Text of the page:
Am I happy today, I’d rather be content. Contentment, I’ve been thinking a lot lately about this and whether in this precarious time I should be.
With COVID-19 hanging over me I’m wondering if I ought to be worried, frightened or apprehensive. Hundreds of people are dying every day and I can’t see my family, hug my grandchildren or spend precious time with my Mum and Dad. I can’t go shopping or have a haircut, so should I really be feeling the quiet contentment that I’m finding myself in. So then I started thinking about the condition that I’m experiencing and how I have got here.
Is contentment a characteristic we’re born with? Is this something that we lose as we grow? As a child I didn’t need much or desire more than I could aim for. Somewhere, somehow I discovered that the world offered more than I knew about. As I found out more I wanted more. When, as a child I would ask for a book for my birthday, I’m now in a position to buy more books than I can read, but do I need them? How many books can I read at a time? Whatever happened to the library? For me I know I should be feeling bad but I’m not hankering after an expensive holiday anymore. I’ve had some great experiences, but all I really want at this moment is to give my grandchildren a great big kiss and to feel them in my arms. I can’t remember the last time I felt some physical contact with another person. Suddenly my needs are less than at any other time in my adult life. I feel as if I have been transported back 50 years to a time when my world was much smaller and I knew less. My grandparents always appeared content. To travel to far flung places wasn’t in their remit and I feel, looking back, that the expectations in their lives were not as demanding. Could it have been because of the Second World War and their gratitude that they and their families had got through it relatively unscathed?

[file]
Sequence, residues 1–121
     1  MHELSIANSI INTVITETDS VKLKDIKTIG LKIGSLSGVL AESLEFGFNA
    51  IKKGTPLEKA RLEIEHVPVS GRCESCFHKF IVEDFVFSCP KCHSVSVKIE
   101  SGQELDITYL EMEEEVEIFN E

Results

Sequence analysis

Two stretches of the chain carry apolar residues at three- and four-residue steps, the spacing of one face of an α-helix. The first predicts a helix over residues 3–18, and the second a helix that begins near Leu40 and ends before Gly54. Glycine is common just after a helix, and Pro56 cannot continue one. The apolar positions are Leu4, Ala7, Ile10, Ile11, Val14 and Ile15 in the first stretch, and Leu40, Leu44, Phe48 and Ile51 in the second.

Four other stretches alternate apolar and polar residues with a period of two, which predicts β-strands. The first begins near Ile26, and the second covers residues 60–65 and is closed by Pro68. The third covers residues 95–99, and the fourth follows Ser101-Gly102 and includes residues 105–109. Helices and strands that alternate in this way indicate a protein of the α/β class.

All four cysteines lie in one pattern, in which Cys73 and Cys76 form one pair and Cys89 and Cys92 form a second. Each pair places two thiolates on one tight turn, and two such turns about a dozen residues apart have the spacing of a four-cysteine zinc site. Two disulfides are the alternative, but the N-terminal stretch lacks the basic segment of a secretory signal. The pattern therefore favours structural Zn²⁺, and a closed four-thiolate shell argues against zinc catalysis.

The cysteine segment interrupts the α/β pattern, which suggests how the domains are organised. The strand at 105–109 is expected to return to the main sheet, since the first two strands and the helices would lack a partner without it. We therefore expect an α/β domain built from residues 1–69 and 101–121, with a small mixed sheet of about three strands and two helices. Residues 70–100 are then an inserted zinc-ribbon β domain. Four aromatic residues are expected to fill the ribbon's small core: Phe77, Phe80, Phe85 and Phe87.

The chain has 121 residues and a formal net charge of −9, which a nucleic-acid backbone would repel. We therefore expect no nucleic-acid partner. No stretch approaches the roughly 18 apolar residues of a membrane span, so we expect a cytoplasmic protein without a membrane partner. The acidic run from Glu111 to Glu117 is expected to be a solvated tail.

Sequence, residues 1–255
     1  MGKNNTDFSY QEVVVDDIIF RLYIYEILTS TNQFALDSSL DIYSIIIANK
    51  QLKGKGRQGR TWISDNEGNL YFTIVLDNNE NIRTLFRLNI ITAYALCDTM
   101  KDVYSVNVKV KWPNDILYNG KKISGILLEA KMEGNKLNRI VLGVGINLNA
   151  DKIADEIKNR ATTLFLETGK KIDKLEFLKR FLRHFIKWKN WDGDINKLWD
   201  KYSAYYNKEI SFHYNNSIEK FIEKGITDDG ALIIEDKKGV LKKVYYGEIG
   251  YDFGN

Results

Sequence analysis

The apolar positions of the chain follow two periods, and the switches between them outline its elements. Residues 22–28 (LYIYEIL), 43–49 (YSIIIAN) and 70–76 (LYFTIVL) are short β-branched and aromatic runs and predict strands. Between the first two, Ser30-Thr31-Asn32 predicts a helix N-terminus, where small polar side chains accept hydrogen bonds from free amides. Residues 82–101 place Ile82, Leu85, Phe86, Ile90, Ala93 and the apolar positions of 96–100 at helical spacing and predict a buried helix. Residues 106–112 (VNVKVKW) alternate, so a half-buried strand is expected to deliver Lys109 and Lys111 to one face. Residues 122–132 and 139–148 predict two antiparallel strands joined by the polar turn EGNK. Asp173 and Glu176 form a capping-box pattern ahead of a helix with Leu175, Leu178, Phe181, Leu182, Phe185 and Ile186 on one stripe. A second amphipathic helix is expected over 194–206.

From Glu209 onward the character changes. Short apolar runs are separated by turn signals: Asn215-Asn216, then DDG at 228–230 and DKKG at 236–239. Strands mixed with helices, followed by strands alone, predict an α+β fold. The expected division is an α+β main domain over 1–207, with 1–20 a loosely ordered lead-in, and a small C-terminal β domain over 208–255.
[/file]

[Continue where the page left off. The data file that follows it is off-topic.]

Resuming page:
I can see the similarity between the War and our current battle against COVID-19. My fears for entertainment, hospitality and travel might be unfounded in the future, however, my contentment can be found in little things, like growing salad in my garden and looking at clear blue skies and listening to birdsong. My contentedness comes from my sole foxglove and my plans for developing a bed of them such as the bed in the garden of a lovely old couple that I used to visit as a child in Abbots-Ann. Jess and Ethel Threadgill were the epitome of what I now desire. I remember with great fondness everything about those times. Bone china teacups and saucers of course, their dog and their lovely rolling green lush lawns. The great bank of foxgloves, which we were consistently warned of their toxicity. The colours and the great height of the bell-shaped blooms were amazing to a child.
I’m content in my garden plotting out my bed of fox gloves rather than planning another exotic excursion.
If I have learned anything from the virus it is that my needs are less than I expected.